The planting of trees in a massive plantation is a good idea at first but it is killing the diversity of trees in one area.  Different kinds of trees should be planted every time.  Not the same one over and over.  Trees hold a valuable part in the ecosystem.  They promote life all kinds.  Humans try to interfere with nature too much.  While we have good motives to do the right thing for the environment, sometimes we just need to let nature take its course.  Plants and animals are becoming more endangered every day.  We need to change our ways and not the plants and animals.  Sea life and over fishing has become a big concern with environmentalist today as the book states.  I do not agree with genetically engineered salmon to be massively produced.  What if one of the salmon got out of the farm and ended up mating with a wild salmon?  or What are going to be the repercussions of the drugs they give the salmon 30 years down the road?

Another issue pertains to bottled water. Bottled water in the U.S. is out of control.  No one really recycles and everyone uses them once to just throw them away in the trash.  I do not understand why people do not use filters.  They are just as safe as bottled water and SO much more environmentally friendly!  They last forever and all you have to do is change the filter in them.  The book touches on another problem in the world and more importantly in the United States.  Obesity.  The amount that the U.S consumes over other counties is absurd.  Fast food is the main cause of this and the government should put regulations on fast food companies and the food that they are selling.  This book overall was a good read and it kept me interested because it hit some of the main points that are currently happening today in the world.  We need to be more aware of what we are doing and our long-term actions on the environment.


Possible future project

February 23, 2011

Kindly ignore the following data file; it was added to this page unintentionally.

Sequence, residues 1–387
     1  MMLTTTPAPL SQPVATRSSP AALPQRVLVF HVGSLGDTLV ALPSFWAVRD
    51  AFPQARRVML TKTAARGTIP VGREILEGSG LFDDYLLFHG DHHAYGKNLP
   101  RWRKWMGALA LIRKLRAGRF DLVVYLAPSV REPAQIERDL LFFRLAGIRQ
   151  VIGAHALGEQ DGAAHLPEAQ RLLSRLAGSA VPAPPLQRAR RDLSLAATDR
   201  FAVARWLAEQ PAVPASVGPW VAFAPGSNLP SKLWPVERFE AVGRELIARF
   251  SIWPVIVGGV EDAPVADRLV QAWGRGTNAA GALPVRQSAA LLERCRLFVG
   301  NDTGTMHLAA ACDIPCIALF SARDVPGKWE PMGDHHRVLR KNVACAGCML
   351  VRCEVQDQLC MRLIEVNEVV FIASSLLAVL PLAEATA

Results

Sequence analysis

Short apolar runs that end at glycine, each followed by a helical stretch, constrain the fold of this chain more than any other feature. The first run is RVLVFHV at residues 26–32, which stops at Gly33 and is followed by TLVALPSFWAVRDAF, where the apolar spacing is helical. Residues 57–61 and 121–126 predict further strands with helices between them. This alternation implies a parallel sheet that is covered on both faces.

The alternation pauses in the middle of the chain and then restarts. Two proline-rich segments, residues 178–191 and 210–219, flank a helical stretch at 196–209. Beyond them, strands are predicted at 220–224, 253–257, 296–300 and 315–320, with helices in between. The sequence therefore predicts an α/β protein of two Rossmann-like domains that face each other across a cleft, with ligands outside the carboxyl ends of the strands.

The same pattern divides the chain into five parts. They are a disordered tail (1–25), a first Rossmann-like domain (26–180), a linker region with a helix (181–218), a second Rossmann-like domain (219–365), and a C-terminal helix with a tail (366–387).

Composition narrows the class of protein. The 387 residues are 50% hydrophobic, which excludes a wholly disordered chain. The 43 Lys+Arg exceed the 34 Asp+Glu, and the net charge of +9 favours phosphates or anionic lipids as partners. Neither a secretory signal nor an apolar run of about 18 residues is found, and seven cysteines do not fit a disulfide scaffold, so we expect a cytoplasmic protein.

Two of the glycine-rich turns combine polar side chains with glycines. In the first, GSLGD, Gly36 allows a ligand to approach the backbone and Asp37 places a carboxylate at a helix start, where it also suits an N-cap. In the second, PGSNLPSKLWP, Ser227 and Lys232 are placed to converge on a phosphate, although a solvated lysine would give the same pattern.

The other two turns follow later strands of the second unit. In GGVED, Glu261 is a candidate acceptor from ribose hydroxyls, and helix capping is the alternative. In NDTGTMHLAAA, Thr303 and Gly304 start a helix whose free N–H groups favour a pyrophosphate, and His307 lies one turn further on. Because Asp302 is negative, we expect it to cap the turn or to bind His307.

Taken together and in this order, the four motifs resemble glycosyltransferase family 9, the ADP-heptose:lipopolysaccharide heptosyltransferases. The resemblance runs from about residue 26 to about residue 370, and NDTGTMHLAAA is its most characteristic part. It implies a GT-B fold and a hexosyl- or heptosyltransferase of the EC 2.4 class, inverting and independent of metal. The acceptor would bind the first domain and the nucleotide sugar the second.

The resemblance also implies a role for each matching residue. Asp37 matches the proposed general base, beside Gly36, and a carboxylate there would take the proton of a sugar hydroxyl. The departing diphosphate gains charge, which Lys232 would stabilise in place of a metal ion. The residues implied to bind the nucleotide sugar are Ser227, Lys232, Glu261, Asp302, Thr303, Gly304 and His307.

So as stated in my summaries, I am not a fan of bottled water. And I am not the only one. Look around and I bet you can find at least 10 bottles of water! Some schools have tried banning plastic bottled water. Some have been successful, others have not. Here is an unsuccessful attempt. The school board ended up voting “no”, probably because of strings attached to the companies that sell bottled water to the school. But, if bottled water companies pretty much created a desire, what type of tactic does there need to be to to “uncreate” this desire? hmmm?


Environment Society Part II

February 23, 2011

Ah, the second part of this book really uncovered some “puzzles”!

Not really goign to go much into the Carbon dioxide chapter, because it is pretty much everything we already know. Co2 is a byproduct of our massive consumption and addiction to fossil fuels. Unfortunately, don’t expect much to be done until there is a larger DEMAND for clean fuels. The moral implication of creating policies on limiting emissions of this pollution, is just that. It limits production. How can a country like the US tell other countries, “yes, we used this to get ahead…but you can’t.” Also, we don’t call tunnels in Pittsburgh “tubes”.

People need trees, and trees need people. We are a somewhat symbiotic relationship. We need trees to absorb some of the C02 we use, and we most certainly need the oxygen the trees give us…or we die. This is such simple concept, yet the way people have treated trees in history, is not very tree-centric. We cut them down, burn them (which releases more CO2), deforest to the max, we treat them like they are useless!! But we KNOW they are not useless since they are so critical to our survival!! And society scoffs at the people chaining themselves to the trees, making them seem crazy (which okay sometimes its crazy). But what if we just cut down all trees, and no one cared…we would probably die.

When wolves were reintroduced the Yellowstone in 1995, it seemed like a huge step for environmentalist. But at a deeper look, it can be just as anthropocentric as eradicating them in the first place. Realizing the ecological importance wolves have (that cater to humans), there was talk to reintroduce. Also upon researching wolves, people began to see resemblance to humans, the way they divide up powers. If wolves didn’t provide ecological services, or displayed “human-like” qualities…would we still care?